Keeper Desires You to Be Aware of Vatican Secrets

For years, the Roman Catholic Church has been attempting to explain to the general public that its “secret” document collection is not really secret. Researchers now have access to Vatican records belonging to Pope Pius XII during World War II. The word “Secret” was even removed from the archive’s official name. Archbishop Sergio Pagano, the head of the Vatican Apostolic Archive, recently spoke with the Associated Press. After working in the archive for forty-five years, Pagano revealed some of the mysteries he had discovered. One of the most significant document repositories in the world is the archive of the Vatican.


Pagano provided some generally unknown insights about the history of the Vatican and its interactions with the outside world during the previous 1200 years in a new book-length interview titled “Secretum.” Over the course of a year, Massimo Franco, an Italian reporter, conducted interviews and debates. From the French leader Napoleon stealing documents to the financial backing provided by American Catholics in 1922 for the election of a pope, Pagano explains it all. It’s the first time, and it will be the last since I’m going to be leaving,” the 75-year-old Pagano stated. Prior to his anticipated retirement later this year, he also chatted with the AP.


The repository was first made available to academics in 1881 by Pope Leo XIII. Up until that point, its exclusive functions had been to serve the pope and store records of the Catholic Church’s head from the eighth century. Eighty-five kilometers of book space make up the archive, most of which is underground in a safe, two-story building that is fireproof. It also contains collections from wealthy families and religious organizations, as well as records from Vatican embassies worldwide. The archive functions similarly to any other private or national archive. In reading rooms, researchers ask for permission to visit and then request documents to study.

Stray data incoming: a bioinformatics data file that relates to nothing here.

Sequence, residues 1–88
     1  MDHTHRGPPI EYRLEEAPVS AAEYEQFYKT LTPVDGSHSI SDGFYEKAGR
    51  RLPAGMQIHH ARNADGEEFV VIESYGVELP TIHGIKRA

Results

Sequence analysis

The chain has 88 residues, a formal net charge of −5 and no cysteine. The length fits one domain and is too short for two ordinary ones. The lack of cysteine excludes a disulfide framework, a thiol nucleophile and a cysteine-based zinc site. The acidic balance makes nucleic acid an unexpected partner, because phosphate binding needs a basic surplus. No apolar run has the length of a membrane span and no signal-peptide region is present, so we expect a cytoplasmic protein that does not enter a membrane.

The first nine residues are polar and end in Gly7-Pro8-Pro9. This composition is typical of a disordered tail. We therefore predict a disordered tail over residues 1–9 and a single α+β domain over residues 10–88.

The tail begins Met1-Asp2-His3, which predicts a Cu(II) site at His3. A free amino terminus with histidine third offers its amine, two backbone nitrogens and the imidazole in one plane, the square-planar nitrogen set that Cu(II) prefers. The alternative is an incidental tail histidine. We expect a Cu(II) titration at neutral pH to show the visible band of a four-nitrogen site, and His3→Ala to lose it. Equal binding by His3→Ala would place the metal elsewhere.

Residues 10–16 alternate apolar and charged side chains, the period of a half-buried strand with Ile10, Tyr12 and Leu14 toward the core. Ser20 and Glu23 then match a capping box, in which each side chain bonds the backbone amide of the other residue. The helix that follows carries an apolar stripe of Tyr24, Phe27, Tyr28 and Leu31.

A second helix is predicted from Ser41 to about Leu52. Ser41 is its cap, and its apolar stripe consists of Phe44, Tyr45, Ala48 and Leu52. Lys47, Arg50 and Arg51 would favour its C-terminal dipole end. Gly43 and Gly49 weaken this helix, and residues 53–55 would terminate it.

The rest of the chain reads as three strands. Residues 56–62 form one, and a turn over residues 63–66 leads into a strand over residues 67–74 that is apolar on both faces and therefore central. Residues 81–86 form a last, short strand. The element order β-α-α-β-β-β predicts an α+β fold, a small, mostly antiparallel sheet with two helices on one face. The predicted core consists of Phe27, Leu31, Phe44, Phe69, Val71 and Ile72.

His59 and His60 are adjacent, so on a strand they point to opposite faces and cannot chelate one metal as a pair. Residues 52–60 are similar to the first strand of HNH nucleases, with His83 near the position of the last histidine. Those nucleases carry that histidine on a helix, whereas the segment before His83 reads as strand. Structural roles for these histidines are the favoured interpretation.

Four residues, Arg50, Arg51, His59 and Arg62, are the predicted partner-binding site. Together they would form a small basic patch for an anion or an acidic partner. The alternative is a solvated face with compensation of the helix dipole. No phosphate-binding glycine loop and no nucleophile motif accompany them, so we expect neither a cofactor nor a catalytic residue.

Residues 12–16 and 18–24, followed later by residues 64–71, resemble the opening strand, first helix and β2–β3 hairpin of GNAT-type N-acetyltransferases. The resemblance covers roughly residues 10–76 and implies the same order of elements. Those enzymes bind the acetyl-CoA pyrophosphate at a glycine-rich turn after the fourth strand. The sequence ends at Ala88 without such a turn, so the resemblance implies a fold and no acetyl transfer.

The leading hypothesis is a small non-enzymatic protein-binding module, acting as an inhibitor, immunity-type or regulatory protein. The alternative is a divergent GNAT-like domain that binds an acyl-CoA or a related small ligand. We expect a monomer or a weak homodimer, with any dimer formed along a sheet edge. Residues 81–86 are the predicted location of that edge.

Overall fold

In the book, Pagano critiques the lack of thorough investigation of Pius XII’s canonization. Scholars are now reviewing recently made available records. “Secretum” tells fresh tales in addition to the existing ones. They include a significant financial tie that dates back to 1922 and is still in place today between Catholics in the United States and the Vatican. According to Pagano, a financial official discovered that the Vatican was bankrupt following the death of Pope Benedict XV. According to the book’s leaked communications, the Vatican instructed its ambassador in Washington, D.C., to transfer “what you have in the safe” so that the election of a new pope could proceed.

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